School Children Visit Museum To Learn About Plymouth County History

(Le Mars) — More than 260 elementary school children from each school within Plymouth County had the opportunity to visit the Plymouth County Historical Museum Monday during the annual “May Day” celebration. The purpose of the program is to introduce students to Plymouth County history. Several of the
students were dressed in the pioneer-era clothing. Volunteers informed the students of how life was during the turn of the 19th century. The students were able to try their hand at milking, they explored the two cabins on the museum grounds, learned about early age agriculture, and even learned to
dance with a May Day pole. This marked the 18th year the Plymouth County Historical Museum has hosted the annual event.

 

 

Corn Stalk Bales Catch On Fire Near Hull

(Hull) — Three fire departments responded to a corn stalk bale fire Sunday afternoon about three miles northeast of Hull at 2970 Indian Avenue. The Hull, Boyden, and Rock Valley fire departments all responded to the fire that was reported at about 3:20 p.m. According to Hull Fire Chief, Greg Van Roeckel, approximately 35 to 40 big round bales of corn stalks were destroyed as a result of the fire. The fire is suspected of starting after corn shucks debris from the bales touched the exhaust muffler of an operating tractor, then blowing on to the stored bales, and igniting them. Van Roeckel says the strong gusting winds on Sunday help spread the fire to a nearby corn crib.
Fortunately, firefighters were able to save the old corn crib. Van Roeckel says firefighters were on the scene for nearly two hours. The Sioux County Sheriff’s Office and the Hull Ambulance also assisted at the scene.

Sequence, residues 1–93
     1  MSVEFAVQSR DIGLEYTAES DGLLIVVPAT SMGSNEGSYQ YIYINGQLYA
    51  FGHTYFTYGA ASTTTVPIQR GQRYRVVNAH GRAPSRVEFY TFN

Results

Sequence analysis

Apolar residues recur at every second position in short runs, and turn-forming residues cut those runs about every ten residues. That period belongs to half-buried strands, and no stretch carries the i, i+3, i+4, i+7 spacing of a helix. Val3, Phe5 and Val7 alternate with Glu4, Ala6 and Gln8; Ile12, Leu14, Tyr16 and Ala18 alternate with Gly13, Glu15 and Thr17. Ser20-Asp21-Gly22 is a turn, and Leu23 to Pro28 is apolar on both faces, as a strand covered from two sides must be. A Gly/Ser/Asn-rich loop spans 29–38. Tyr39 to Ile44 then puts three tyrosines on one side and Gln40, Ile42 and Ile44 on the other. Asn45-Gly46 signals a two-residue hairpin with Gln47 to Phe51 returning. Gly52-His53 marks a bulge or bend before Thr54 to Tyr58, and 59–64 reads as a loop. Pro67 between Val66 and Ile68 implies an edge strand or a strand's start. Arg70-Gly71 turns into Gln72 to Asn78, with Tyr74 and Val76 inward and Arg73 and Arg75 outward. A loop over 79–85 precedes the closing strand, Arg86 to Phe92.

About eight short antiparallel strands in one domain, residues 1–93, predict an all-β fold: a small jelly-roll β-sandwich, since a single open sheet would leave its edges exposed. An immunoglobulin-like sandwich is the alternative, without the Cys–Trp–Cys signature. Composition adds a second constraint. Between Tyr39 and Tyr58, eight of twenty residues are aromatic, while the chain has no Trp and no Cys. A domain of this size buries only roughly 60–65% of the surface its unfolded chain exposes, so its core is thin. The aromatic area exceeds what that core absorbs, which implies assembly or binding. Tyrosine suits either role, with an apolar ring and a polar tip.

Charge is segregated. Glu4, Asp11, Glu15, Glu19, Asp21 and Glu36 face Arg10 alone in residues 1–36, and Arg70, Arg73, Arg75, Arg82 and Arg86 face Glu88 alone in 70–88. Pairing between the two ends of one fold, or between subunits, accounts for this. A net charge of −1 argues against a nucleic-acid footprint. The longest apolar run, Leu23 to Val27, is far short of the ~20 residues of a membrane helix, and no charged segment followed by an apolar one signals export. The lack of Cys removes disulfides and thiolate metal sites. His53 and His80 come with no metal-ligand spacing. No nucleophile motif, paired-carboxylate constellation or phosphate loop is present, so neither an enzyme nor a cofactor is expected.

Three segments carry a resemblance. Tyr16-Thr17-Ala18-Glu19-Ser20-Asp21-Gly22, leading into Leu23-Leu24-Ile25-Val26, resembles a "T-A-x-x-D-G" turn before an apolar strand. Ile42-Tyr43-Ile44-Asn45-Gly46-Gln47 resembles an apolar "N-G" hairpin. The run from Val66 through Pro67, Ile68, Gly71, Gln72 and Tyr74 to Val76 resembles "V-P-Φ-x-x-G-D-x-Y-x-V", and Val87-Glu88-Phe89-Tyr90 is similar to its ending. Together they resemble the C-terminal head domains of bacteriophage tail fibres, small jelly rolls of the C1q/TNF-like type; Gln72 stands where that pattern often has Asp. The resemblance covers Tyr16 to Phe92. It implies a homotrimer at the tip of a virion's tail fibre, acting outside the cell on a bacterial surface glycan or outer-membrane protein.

Governor Reynolds Says She Never Witnessed Any Sexual Harassment Activity By Former Finance Authority Director

DES MOINES, Iowa (AP) – Iowa Gov. Kim Reynolds says she never knew of or witnessed inappropriate behavior during her two-decade friendship with a former state agency director whom she abruptly fired after learning of sexual harassment allegations.
The Republican governor said “absolutely not,” when asked Monday if she knew of any alleged inappropriate conduct over the years by Dave Jamison, the ex-director of the Iowa Finance Authority. Reynolds fired Jamison on March 24, shortly after learning of allegations against him by two people.
Reynolds made the remarks days after ordering an independent
investigation into the workplace culture at the agency, where a female employee alleges Jamison made crude sexual comments to female subordinates over the years. Jamison hasn’t spoken publicly about the allegations.
Jamison has been a political ally of Reynolds, dating back to when the two worked together as county treasurers. Reynolds says Jamison has been a family friend.